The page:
How is the Brain’s Neuronal Activity Transformed into Mental States?

Unlocking the Brain

Georg Northoff



As a philosopher, neuroscientist, and psychiatrist, Georg Northoff has thought a great deal about consciousness. Here he shares the essence of his understanding of how consciousness comes about.

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The Subjective Character of Consciousness

Everybody knows what it is to be conscious. You experience it continuously during the day and even during the night while dreaming. When reading this article, for instance, and the lines of the text, you are conscious of the contents written there; conscious of the words, the sentences, and their meaning. More specifically, you perceive the words and sentences in a conscious mode—perhaps feeling certain emotions such as anger or frustration at a seemingly banal beginning—and you may become conscious of thoughts and cognitions tempting you to contradict the definitions given there, or telling you to move on to something more gripping. Ultimately, even one’s own self (the one who is reading these lines) enters consciousness, yielding what is called “self-consciousness”.

Consciousness is such a basic phenomenon that any definition seems superfluous. Nevertheless, if we want to understand how consciousness is yielded, we need at least to somehow determine what it is we are searching for. Otherwise we remain blind about our direction.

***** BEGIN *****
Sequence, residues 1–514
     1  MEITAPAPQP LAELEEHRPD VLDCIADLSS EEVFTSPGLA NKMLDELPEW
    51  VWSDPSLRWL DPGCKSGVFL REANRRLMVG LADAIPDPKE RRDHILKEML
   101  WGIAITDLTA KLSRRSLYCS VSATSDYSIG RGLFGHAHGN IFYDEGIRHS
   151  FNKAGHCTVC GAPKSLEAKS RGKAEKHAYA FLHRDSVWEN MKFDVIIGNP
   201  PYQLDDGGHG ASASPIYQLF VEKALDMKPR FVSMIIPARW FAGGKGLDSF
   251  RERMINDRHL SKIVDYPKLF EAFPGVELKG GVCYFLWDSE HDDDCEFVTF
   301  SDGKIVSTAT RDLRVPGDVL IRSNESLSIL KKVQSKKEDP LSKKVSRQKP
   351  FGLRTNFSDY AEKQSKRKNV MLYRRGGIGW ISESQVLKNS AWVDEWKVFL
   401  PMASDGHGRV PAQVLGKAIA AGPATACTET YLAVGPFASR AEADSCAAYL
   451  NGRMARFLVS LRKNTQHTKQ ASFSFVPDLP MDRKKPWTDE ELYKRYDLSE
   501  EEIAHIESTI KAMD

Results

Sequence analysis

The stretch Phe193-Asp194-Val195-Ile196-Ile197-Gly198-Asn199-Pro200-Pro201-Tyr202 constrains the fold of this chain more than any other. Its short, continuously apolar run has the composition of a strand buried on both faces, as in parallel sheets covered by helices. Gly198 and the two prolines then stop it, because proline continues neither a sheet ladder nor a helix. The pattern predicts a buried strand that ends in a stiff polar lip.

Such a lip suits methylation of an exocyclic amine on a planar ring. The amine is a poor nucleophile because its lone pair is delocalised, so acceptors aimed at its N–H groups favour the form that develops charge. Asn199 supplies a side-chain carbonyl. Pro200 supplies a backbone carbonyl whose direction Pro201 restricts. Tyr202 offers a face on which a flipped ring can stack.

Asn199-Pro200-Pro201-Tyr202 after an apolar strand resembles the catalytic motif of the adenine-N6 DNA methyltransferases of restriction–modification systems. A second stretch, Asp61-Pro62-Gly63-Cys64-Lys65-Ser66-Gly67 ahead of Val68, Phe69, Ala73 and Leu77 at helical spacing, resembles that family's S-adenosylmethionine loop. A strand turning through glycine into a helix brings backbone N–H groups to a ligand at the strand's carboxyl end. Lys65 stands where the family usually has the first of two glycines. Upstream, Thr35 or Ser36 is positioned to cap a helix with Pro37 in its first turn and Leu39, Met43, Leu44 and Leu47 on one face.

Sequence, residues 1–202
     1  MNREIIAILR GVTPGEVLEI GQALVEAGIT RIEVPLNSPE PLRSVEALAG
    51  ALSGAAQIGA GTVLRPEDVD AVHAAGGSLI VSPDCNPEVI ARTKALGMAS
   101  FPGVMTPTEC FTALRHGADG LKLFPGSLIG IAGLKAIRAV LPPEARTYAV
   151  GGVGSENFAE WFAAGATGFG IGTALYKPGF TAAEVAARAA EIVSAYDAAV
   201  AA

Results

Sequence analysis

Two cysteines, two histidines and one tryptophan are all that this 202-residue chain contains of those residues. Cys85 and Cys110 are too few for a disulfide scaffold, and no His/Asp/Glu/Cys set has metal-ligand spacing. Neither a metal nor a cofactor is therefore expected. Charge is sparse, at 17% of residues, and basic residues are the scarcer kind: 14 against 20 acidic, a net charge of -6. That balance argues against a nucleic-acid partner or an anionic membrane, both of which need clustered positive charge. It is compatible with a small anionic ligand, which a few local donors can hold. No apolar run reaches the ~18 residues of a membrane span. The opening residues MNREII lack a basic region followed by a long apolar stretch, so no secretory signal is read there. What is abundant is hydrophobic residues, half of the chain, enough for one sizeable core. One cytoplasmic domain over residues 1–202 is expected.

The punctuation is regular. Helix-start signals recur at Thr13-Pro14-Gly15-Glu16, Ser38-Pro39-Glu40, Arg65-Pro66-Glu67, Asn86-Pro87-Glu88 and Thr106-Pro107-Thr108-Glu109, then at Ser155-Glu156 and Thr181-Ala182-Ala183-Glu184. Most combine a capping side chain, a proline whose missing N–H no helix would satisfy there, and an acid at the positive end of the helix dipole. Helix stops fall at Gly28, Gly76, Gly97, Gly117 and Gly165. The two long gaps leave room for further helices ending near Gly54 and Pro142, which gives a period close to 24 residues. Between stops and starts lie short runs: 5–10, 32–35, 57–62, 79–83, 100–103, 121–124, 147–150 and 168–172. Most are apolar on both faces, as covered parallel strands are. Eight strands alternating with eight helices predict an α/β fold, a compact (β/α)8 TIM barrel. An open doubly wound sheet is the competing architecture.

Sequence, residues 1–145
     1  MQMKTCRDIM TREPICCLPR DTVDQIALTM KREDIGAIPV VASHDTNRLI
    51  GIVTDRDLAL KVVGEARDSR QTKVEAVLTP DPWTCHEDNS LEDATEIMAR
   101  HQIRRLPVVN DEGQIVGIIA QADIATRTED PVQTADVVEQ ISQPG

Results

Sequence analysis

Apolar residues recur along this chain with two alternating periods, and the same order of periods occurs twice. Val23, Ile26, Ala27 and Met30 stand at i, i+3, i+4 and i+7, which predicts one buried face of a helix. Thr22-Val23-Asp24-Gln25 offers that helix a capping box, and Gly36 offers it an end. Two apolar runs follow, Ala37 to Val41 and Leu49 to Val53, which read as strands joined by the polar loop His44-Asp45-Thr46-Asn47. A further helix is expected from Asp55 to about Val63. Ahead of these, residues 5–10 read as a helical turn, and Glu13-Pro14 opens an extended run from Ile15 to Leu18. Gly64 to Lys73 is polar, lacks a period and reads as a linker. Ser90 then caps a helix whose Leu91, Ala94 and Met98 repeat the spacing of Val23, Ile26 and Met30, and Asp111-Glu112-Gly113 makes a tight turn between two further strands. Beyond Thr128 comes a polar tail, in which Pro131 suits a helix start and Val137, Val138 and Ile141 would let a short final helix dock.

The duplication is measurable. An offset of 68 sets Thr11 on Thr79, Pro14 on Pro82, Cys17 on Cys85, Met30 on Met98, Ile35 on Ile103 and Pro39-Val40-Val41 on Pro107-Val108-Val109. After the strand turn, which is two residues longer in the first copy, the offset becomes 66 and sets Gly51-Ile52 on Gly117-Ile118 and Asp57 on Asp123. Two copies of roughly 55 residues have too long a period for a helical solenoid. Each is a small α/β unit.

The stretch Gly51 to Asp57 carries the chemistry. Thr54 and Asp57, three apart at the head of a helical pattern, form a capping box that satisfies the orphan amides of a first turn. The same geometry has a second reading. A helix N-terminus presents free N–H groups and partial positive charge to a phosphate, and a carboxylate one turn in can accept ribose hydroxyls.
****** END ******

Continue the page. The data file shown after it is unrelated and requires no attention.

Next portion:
So what is consciousness? Let me first give a tentative definition. The philosopher Thomas Nagel (1974) characterized consciousness as having a certain “what it is like” quality. The concept of “what it is like” describes that experience, and thus consciousness goes along with a particular quality, a phenomenal-qualitative feel known as qualia. For example, if you read a book with a red cover, you experience the redness of the book’s red color in terms of this phenomenal-qualitative feeling: you have a quale of the color red.

At first you may just perceive or observe the red color, you do not experience a particular quality; the red color is purely quantitative. But that changes once you switch from your third-person mode of observation to a first-person mode of experience. Now you experience the color as part of your own self, and you experience the redness of the book’s cover. This is the moment when philosophers like to speak of qualia. Hence, the phenomenal-qualitative feel, the qualia, must be regarded as a hallmark feature of experience and therefore of consciousness.

Imagine you like eating chocolate. You see the chocolate in the store and start to develop an urge or craving. You buy the chocolate and taste it piece by piece. You enjoy the chocolate—especially bitter chocolate is your favorite—and you enjoy and dwell in the bitterness of the taste. This is your subjective experience, the bitterness of the chocolate that goes way beyond its merely objective bitter features. The bitterness is your subjective experience of the objectively bitter chocolate. Since you love bitter chocolate so much, you may subjectively experience the bitterness in your first-person perspective to a much stronger degree than is objectively present in the chocolate itself (independent of your tasting the same chocolate). There is thus a “what it is like” for you to experience and taste the bitterness of the chocolate.